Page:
Artist of the Week: Samantha Crain

Music Features Samantha Crain
Share Tweet Submit Pin

Hometown: Shawnee, Okla.

Fun Fact:Bean and Berry, performing a set chock full of Radiohead and Creedence Clearwater Revival covers.

Why She's Worth Watching: Vocalist/guitarist Crain, along with her band The Midnight Shivers [drummer Jacob Edwards, bassist Andrew Tanz and guitarist Nate Hendricks], delivers a refreshing brand of indie-folk that fuses accessible, narrative lyrics with a home-grown wholesomeness reminiscent of her rural origin.

For Fans Of:   Martha Wainwright, Pete Seeger, Neko Case, Feist

Samantha Crain is not your stereotypical Southerner.

Every bit a rural Oklahoman, the twenty-one-year-old with Native American blood and a penchant for tinkering with any instrument she can get her hands on, is rooted firmly in the ideals of folk music. She is earthy and honest, opts for traditional over trendy attire, and can tell a story like nobody's business. Crain records most of her material in low-key settings—a friend’s basement in Greenville, Illinois birthed her new EP, The Confiscation—understand that Samantha Crain is, well, just a little bit different.

“I always wanted to be a performer,” says the Choctaw singer-songwriter. “I was in college studying English literature but I probably would have joined the circus after graduation if I wasn’t doing music.” A college-derived appreciation for the written word led Crain away from the big top and down a musical path where she drew influence from “short-story writers and poets [more so] than other lyricists and musicians.” In her aural narratives, the Native American spirituality of N. Scott Momaday’s In The Bear’s House just as likely influences the songstress as the violence and destructive sexuality of the Depression-era characters in Erskine Caldwell’s Tobacco Road.

Embodying ethereal, dusky and deliciously playful subject matter, Crain’s Ramseur Records debut, The Confiscation, runs the gamut between “fairly subdued” and “[just] good old American rock music.” Traditional instrumentation—harmonica, sparse guitars, tambourine and group vocals—melds with stranger fare throughout the EP’s five tracks. “If you listen closely in 'Traipsing Through The Aisles' you’ll hear some unearthly sounds,” Crain explains. “That’s because we have wired up a recording device [using three CB radios and a TV antenna] that can pick up and record sounds from space.”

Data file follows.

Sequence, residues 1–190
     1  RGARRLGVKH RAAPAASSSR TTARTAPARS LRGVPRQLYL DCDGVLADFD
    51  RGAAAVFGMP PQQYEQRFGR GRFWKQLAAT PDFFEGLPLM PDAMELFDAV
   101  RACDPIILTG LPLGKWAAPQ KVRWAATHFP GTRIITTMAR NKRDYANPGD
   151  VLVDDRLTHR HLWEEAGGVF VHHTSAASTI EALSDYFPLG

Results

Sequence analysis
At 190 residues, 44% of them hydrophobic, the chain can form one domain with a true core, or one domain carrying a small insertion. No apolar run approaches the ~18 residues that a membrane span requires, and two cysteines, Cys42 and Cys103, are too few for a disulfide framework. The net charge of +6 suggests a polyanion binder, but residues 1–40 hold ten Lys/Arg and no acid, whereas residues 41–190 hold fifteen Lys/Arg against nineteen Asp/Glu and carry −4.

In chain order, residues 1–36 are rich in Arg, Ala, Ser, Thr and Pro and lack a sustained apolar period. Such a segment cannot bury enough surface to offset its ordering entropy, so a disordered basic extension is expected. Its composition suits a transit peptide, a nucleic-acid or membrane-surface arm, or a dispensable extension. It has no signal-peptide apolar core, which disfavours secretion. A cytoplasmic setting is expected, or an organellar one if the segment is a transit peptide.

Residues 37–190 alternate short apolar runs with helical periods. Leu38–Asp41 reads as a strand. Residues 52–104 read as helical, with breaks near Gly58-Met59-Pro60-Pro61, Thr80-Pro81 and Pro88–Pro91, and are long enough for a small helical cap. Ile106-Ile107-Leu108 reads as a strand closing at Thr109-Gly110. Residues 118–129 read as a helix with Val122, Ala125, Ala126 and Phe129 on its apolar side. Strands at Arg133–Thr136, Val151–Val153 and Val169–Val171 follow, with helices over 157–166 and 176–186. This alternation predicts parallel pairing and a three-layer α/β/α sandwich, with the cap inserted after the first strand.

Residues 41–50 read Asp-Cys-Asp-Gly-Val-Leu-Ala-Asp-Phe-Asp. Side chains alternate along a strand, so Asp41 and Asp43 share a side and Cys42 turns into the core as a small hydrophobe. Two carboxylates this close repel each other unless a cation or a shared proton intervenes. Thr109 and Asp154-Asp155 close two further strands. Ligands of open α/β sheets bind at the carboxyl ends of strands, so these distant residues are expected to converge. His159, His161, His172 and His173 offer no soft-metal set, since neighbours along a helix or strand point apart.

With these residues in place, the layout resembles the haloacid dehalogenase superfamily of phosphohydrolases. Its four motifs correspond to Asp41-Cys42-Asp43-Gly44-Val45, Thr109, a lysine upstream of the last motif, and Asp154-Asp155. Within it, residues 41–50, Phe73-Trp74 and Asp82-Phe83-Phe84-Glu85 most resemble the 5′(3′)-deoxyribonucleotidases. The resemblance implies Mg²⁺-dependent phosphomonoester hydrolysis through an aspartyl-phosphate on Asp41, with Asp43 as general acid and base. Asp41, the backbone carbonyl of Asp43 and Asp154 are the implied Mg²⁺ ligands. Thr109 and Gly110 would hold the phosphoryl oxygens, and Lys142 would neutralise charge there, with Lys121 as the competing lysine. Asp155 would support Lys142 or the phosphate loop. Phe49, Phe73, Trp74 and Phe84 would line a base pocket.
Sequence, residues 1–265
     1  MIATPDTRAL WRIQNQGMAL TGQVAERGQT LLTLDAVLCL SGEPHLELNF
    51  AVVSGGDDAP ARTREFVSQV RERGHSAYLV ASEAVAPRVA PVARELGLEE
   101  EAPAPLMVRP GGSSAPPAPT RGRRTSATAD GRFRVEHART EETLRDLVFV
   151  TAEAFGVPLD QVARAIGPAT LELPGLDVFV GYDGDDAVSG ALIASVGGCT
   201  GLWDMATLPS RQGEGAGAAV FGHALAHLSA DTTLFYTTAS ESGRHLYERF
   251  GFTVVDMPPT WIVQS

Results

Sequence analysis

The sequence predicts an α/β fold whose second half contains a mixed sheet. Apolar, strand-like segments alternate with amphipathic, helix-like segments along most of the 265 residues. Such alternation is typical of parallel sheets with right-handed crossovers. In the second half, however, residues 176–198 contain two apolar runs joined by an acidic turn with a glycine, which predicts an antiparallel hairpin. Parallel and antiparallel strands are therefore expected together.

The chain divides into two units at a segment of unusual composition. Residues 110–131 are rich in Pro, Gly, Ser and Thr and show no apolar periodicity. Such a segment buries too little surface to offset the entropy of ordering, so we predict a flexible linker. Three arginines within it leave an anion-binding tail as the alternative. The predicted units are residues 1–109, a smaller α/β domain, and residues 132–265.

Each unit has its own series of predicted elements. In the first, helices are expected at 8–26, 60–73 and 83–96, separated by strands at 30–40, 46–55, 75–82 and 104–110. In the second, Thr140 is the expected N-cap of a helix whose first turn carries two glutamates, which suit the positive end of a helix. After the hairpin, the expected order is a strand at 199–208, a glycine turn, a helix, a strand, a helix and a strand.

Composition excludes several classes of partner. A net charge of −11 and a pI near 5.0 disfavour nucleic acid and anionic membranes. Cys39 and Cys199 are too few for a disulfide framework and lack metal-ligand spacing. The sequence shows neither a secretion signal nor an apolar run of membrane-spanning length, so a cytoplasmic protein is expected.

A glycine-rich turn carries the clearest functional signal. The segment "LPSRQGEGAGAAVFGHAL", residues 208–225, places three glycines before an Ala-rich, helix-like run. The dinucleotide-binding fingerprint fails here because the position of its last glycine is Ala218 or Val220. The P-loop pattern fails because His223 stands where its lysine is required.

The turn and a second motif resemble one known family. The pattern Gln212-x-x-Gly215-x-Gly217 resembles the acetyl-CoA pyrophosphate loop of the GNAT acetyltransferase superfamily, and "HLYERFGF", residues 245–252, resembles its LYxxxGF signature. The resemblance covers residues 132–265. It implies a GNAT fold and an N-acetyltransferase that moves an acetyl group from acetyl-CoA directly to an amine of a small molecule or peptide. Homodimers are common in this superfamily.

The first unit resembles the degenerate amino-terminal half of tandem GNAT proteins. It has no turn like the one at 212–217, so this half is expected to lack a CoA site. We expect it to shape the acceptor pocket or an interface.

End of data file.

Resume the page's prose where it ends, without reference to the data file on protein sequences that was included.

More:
Quirky, yes, but Crain insists that she has developed a sound of her own by living in rural Oklahoma, away from the limelight, “removed enough from the music industry [and] away from a lot of influences and pressure.” She and her band, The Midnight Shivers, consider themselves “good old boys and a girl of the same sort,” the kind of people who are obsessed with Bojangles’ sweet tea and just so happen to always carry a tin of “the best oatmeal cookies” on tour, courtesy of drummer Jacob Edward’s grandma.

Only two years past her teens, Crain already has several national tours under her belt, the accolade-worthy EP, The Confiscation (which is out July 22), and her entire career ahead of her. Although she finds herself on a performance path far different than she initially intended, she insists that “being in a touring band [really] being in the circus.”

Check out more Native American Music today on the web.

Recently in Music